What do the shields look like? Can I do them in any shape I want?
Yes. There is a standard shape of shield that is most commonly used in the SCA. It’s pictured in the Rules for Scrolls, along with directions for producing it perfectly every time. There are also other shapes that were used historically. If you know the time and place that your scroll recipient likes to portray, you might look up what shield shape was in use then, and use that one on their scroll instead for an extra touch of personalization. It would be a nice surprise for them.
What are the texts for scrolls of various types?
Caid Scroll Texts — Some of the details of the wording may be adjusted and customized. Painters can possibly get by without knowing all of this information, but knowing it may help you understand better the nuances of the requirements and the details that might need to be put into images.
What types of paint and other materials should I use?
The answer to this and other burning questions may be found in the Advice section of the Caidan Scribal Handbook. I’ve got a few paint palettes with some of the more common colors used in period. They’re modern paints in terms of chemical construction, but the colors were easy to achieve in period, and you’ll be able to get at least one or two scrolls done (or a few practice pieces, which is a good idea!) before you need any of them to be refilled.
The handbook at the moment doesn’t contain a list of specific colors that were achievable in period, however. I urge you to look down this page at the Period pigments section. In the meantime, the period colors that I’ve put into the Gyldenholt gift palettes are:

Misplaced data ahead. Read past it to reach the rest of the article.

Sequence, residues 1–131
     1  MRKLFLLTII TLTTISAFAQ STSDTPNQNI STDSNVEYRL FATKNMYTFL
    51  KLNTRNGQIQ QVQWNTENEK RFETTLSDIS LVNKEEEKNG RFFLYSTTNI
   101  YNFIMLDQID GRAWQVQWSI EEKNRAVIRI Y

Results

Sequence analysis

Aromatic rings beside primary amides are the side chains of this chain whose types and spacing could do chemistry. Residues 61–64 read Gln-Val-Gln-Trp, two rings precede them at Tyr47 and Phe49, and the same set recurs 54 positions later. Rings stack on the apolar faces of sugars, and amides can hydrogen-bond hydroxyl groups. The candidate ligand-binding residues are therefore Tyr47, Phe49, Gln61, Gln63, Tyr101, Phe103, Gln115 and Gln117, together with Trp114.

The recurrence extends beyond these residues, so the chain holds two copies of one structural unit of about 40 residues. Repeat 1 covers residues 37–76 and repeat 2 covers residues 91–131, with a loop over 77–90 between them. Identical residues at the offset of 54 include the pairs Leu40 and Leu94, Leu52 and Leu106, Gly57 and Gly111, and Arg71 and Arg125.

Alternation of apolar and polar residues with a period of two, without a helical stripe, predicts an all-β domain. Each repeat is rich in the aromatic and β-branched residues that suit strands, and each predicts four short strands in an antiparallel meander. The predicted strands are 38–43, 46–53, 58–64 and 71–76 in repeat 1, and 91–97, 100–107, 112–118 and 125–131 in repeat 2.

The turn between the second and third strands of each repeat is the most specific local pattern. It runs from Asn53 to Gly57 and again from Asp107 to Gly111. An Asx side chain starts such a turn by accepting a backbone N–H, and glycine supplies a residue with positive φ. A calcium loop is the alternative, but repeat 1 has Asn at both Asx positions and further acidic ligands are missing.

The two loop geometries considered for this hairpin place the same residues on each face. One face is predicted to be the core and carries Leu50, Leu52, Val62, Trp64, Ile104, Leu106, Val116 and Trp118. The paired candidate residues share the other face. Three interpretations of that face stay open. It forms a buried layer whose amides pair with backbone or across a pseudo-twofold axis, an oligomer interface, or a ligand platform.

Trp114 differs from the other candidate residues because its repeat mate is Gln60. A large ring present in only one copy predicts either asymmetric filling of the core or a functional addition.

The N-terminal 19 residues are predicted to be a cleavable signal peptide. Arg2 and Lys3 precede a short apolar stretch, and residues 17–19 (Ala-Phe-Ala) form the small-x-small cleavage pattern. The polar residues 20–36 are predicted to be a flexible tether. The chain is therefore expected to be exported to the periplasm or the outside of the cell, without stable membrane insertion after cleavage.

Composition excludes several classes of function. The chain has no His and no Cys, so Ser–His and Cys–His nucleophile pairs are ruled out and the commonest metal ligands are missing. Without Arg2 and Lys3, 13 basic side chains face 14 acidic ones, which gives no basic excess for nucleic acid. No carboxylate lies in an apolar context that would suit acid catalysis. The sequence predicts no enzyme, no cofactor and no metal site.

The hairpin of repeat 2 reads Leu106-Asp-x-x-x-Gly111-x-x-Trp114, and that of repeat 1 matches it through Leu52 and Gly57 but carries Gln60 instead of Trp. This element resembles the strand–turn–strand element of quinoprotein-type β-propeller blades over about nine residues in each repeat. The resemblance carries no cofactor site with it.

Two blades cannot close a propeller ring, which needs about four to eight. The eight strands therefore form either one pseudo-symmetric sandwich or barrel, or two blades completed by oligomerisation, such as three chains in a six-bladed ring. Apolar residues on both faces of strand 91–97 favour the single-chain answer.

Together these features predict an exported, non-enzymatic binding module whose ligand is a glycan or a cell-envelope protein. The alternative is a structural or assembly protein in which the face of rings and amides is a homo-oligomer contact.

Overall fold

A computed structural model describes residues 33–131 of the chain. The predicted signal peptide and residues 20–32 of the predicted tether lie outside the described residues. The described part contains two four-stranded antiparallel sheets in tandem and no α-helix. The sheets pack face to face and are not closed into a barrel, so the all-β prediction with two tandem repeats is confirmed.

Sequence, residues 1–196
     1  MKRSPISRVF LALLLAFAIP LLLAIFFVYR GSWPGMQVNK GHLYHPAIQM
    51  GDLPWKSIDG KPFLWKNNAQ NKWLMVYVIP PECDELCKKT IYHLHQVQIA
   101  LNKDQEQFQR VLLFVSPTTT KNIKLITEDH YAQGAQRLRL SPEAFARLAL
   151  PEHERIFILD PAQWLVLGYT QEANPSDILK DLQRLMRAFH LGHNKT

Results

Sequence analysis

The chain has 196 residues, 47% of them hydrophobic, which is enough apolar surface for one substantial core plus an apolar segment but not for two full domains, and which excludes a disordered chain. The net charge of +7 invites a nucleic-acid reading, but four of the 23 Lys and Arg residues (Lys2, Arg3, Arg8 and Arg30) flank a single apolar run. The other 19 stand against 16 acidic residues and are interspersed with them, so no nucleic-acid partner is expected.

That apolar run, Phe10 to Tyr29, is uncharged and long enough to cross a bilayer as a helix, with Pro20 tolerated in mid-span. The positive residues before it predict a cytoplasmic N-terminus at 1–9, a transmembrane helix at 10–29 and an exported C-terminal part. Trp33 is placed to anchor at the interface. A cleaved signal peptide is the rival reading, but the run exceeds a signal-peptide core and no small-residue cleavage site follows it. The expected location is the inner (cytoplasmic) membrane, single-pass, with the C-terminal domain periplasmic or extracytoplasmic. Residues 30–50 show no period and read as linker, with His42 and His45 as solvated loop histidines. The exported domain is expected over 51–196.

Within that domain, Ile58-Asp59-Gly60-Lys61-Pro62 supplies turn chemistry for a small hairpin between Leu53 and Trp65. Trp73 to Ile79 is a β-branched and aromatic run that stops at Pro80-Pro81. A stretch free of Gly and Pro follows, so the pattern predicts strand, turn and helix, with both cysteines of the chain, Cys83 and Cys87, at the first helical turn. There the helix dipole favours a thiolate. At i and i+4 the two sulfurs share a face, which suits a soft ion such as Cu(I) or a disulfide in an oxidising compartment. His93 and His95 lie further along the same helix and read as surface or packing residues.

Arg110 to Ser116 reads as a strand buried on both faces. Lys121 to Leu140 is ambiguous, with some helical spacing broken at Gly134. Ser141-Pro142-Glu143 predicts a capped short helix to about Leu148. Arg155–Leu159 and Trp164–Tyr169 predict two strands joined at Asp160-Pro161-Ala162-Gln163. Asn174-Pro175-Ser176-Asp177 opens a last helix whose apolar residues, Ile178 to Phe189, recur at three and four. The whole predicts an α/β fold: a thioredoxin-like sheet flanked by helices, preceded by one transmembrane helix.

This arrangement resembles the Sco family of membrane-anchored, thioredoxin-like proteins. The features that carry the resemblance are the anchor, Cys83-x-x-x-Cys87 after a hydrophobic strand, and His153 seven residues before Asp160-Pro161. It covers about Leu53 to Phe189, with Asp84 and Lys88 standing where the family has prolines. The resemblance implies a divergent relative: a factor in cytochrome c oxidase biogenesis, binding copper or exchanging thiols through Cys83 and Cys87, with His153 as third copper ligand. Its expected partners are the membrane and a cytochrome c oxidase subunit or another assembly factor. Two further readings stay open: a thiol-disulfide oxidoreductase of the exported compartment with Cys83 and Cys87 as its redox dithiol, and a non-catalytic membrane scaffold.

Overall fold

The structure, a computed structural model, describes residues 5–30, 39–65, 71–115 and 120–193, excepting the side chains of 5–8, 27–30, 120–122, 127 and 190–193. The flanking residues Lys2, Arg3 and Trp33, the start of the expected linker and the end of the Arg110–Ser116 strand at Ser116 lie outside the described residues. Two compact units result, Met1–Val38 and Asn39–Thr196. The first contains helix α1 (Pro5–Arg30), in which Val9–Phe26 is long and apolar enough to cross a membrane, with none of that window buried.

Naples Yellow Deep
Metal Oxide (copper, magnesium — any metal, coroded, that produces a green effect)
Lamp Black (bone black, jet black, any black will do)
White (zinc white, Chinese white, any white will do)
Violet (not a period color, but can be achieved by mixing period colors, and purple is often used in SCA devices)
If you have all of the above colors, you can mix just about any other color you’ll need from them. If you have a larger paint palette with space for more colors, maybe add red ochre, raw sienna, Tyrian purple (which is a brilliant shade of hot magenta-pink!), and whatever else might be mentioned on the Period Pigments link below, provided it’s within the correct time range for the scroll(s) you want to make.
Don’t feel you must restrict your color usage to only those available in period. There are many, many painters in the SCA who don’t. My goal in giving you the above list is to give you the information to make the informed choice of what paints to use, and when and why to use them. Make decisions you’ll be happy with.
Does the scroll recipient know what they’re getting?
Yes and no.